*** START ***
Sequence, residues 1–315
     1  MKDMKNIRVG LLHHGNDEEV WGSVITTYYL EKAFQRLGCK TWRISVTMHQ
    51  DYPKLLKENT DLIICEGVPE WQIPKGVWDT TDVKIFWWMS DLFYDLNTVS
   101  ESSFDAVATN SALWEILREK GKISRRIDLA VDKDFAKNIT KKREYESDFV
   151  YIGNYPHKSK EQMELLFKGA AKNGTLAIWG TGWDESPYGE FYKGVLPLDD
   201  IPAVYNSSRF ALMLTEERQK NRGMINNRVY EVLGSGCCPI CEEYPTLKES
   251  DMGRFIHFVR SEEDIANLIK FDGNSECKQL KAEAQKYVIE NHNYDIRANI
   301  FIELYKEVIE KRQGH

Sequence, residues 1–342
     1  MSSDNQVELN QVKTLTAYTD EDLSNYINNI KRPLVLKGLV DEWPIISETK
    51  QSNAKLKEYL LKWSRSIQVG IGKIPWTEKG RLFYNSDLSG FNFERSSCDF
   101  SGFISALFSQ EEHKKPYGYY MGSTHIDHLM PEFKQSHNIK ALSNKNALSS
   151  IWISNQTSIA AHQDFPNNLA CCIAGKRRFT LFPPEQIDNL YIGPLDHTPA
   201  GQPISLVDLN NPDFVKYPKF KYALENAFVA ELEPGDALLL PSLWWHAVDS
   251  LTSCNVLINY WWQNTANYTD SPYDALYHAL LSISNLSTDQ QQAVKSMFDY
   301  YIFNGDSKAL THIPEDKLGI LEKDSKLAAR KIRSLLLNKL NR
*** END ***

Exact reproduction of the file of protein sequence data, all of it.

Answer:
Sequence, residues 1–315
     1  MKDMKNIRVG LLHHGNDEEV WGSVITTYYL EKAFQRLGCK TWRISVTMHQ
    51  DYPKLLKENT DLIICEGVPE WQIPKGVWDT TDVKIFWWMS DLFYDLNTVS
   101  ESSFDAVATN SALWEILREK GKISRRIDLA VDKDFAKNIT KKREYESDFV
   151  YIGNYPHKSK EQMELLFKGA AKNGTLAIWG TGWDESPYGE FYKGVLPLDD
   201  IPAVYNSSRF ALMLTEERQK NRGMINNRVY EVLGSGCCPI CEEYPTLKES
   251  DMGRFIHFVR SEEDIANLIK FDGNSECKQL KAEAQKYVIE NHNYDIRANI
   301  FIELYKEVIE KRQGH

Sequence, residues 1–342
     1  MSSDNQVELN QVKTLTAYTD EDLSNYINNI KRPLVLKGLV DEWPIISETK
    51  QSNAKLKEYL LKWSRSIQVG IGKIPWTEKG RLFYNSDLSG FNFERSSCDF
   101  SGFISALFSQ EEHKKPYGYY MGSTHIDHLM PEFKQSHNIK ALSNKNALSS
   151  IWISNQTSIA AHQDFPNNLA CCIAGKRRFT LFPPEQIDNL YIGPLDHTPA
   201  GQPISLVDLN NPDFVKYPKF KYALENAFVA ELEPGDALLL PSLWWHAVDS
   251  LTSCNVLINY WWQNTANYTD SPYDALYHAL LSISNLSTDQ QQAVKSMFDY
   301  YIFNGDSKAL THIPEDKLGI LEKDSKLAAR KIRSLLLNKL NR